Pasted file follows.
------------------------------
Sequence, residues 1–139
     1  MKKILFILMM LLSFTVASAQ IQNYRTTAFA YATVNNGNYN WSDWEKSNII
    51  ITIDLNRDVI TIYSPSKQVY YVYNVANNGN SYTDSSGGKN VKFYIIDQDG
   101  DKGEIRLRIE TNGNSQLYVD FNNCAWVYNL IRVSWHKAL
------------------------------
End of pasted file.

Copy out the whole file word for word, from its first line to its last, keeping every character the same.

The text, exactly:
Sequence, residues 1–139
     1  MKKILFILMM LLSFTVASAQ IQNYRTTAFA YATVNNGNYN WSDWEKSNII
    51  ITIDLNRDVI TIYSPSKQVY YVYNVANNGN SYTDSSGGKN VKFYIIDQDG
   101  DKGEIRLRIE TNGNSQLYVD FNNCAWVYNL IRVSWHKAL